Artist BRIDGET RILEY discusses works from the collection that inspire, move or intrigue her.
United States of America, 1912–1956
Blue poles 1952
On one of my first visits to New York in the early 1960s, Barnett Newman took me to see Jackson Pollock’s Blue poles at collector Ben Heller’s apartment on the Upper West Side. I wanted very much to see it, having heard about it back in England. Heller had three large abstract expressionist paintings: one by Barnett, one by Mark Rothko and Jackson’s Blue poles. The vitality of this great painting was exhilarating, and the sheer courage of it took my breath away. I recognised the risks he had taken and admired his judgement. As I write now, I realise that my feelings were tied up with something that Eugène Delacroix identified in his doctrine of the necessary sacrifice — ‘of which beginners know nothing’ — of relinquishing the ‘best bits’, the parts most eagerly anticipated, the earlier successes. What was at stake was the dialogue with the painting.
Great Britain, born 1931
There were no direct flights in the early days of my visits to Australia, so I often stopped off at interesting places, such as Jakarta. From there I went to see Borobudur, the great Buddhist Temple, where I heard a gamelan being played — a percussive musical instrument which is delicate, sharp and requires control. That visit gave my painting its name. Gamelan is one of my first colour paintings, coming after Late morning (1967–68) and Rise (1968). In Late morning, the colour slowly accumulates a flood of light in the centre of the canvas, which parallels the movement of daylight. The quietness of Gamelan, with its softly veiled centre, takes the opposite direction. It is a three‑colour painting: blue, red and green. The strong red is progressively reined in by the green until it almost vanishes, before gradually returning to regain its strong position. This movement is countered by the constant of the blue.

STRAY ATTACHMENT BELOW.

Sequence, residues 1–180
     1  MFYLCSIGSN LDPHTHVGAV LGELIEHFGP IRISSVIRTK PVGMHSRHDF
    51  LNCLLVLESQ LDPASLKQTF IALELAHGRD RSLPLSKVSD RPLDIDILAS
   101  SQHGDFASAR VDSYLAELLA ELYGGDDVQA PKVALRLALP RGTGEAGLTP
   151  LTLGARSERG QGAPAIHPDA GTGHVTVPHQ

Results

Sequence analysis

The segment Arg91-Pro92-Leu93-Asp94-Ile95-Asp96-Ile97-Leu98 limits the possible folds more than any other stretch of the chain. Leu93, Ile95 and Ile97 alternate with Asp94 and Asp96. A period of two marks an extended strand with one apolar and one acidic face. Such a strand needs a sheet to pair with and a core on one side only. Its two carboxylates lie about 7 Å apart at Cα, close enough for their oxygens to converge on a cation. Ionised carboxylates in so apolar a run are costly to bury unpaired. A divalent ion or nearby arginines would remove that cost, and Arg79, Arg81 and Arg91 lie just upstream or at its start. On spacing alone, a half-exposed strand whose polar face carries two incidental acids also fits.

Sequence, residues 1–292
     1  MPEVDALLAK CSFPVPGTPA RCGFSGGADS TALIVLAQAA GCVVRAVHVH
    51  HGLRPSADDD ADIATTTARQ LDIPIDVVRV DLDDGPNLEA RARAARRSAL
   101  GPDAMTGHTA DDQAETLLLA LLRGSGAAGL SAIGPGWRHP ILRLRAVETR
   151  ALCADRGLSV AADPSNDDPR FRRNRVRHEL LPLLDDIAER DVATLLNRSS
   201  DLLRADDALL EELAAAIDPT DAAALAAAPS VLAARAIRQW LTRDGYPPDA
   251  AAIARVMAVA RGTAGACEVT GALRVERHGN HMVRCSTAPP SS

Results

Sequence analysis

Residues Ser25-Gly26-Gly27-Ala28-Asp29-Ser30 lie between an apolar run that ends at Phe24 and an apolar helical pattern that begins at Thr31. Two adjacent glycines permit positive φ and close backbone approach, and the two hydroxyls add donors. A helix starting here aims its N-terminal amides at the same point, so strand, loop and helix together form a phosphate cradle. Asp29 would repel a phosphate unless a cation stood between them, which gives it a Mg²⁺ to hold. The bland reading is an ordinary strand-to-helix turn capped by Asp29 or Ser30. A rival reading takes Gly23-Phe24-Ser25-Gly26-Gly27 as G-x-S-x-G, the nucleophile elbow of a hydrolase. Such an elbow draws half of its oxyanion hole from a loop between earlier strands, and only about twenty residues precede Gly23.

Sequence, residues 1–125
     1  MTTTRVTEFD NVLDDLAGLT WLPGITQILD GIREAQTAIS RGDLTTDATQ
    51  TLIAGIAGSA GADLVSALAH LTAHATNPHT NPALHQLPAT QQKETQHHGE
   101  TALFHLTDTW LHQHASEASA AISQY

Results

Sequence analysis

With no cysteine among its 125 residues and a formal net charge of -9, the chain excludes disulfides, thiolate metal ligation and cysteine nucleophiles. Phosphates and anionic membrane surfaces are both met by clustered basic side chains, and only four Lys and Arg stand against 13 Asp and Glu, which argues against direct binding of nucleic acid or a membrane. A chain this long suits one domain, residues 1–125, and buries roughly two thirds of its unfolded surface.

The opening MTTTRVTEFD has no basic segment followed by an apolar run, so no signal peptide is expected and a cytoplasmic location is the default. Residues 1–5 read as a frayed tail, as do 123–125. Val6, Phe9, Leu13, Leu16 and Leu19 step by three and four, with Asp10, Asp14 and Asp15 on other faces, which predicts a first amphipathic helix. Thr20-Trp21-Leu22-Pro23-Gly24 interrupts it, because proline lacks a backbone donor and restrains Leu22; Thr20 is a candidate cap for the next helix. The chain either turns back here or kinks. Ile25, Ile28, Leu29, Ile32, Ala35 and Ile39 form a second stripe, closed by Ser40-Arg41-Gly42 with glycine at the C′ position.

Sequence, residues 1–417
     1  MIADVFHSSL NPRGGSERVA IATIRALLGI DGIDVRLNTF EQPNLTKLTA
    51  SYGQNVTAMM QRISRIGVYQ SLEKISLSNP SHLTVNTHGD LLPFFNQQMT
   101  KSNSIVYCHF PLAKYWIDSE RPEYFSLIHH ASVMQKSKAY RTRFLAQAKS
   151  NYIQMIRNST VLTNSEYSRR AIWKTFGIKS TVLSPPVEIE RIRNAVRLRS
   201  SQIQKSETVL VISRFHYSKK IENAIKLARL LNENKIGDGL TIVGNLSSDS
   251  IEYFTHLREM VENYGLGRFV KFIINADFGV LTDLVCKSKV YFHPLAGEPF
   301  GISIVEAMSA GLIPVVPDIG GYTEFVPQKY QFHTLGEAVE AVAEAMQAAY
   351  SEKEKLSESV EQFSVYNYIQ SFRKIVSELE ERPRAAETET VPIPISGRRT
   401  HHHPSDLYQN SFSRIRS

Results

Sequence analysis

No horizon 1994
I didn’t know about Howard Taylor until I was delayed in Perth for three weeks by an airline strike in the late 1970s. The British Council was organising a tour of my work, which included two stops in Australia, one of which was in Perth. The art gallery there had a new building, a new director, a wide and expectant audience, and an enthusiastic friends group, which included the artists Bryant and Tedye McDiven. They took me under their wing and introduced me to some of their friends. I was very impressed by the way that so many of the artists built their own homes and studios, siting them in the landscape. The McDivens suggested that we drive out to visit Howard, who lived on a stretch of land in the extraordinarily beautiful Western Australian outback. We found a remote house, surprisingly small and dark, every corner in use. The dark interior was very restful, and he showed me what he was making. Forms of trees or birds whose branches or wings were drawn and painted in coloured curves on flat wooden surfaces. These could be held in the hand, played with and enjoyed.
Looking now at Howard’s work in the collection of the National Gallery of Australia, it was wonderful to see how surely his feeling for nature carried over into such a perfect work as No horizon, whose curve traces infinity with ease and grace, offering a curiously human sense of protection.
Study for Le Bec du Hoc, Grandcamp 1885
I have always loved Le Bec du Hoc, Grandcamp; it reminds me of walking on the cliffs in Cornwall. There, one encounters many sights of sky, sea and land, so many groupings and arrangements: nature’s power exposed at its most elemental; a conjunction of immediacy and infinity; harmonies forced by conflict; resolutions won through endurance. This offers great comfort and reassurance.
Georges Seurat carried a little painting box, which could be held in one hand and supported the panel for painting and his palette. He stood and made colour notes to take back to the studio to provide not only information but also the sensation of the thing seen — a spiritual talisman.
Around this time, Seurat was also working on his great painting, A sunday afternoon on the island of La Grande Jatte (1884–86). I can understand that walking on the cliffs at Grandcamp may have been a refreshing break and restorative. From where the artist stands, he notes the cliff filling his field of vision and breaking the sea’s high horizon line. The sunlight contributes the touches of yellow, orange and ochre while the greens and pinks account for grass and flowers. In the shaded rockface, we find deep yellows, dark rosy purples and many blues — the beautiful colours of reflected light, reminiscent perhaps of those in Claude Monet’s Haystacks 1890–91. Seurat notes the tonal contrast with the sea and intensifies it with touches of light blue, reflections of the sky above. This study is a little storehouse of observations, possibilities, contrasts — some of which will be preserved and developed in the final painting, such as the beautiful curves of the cliff ’s edge with the straight line of the horizon.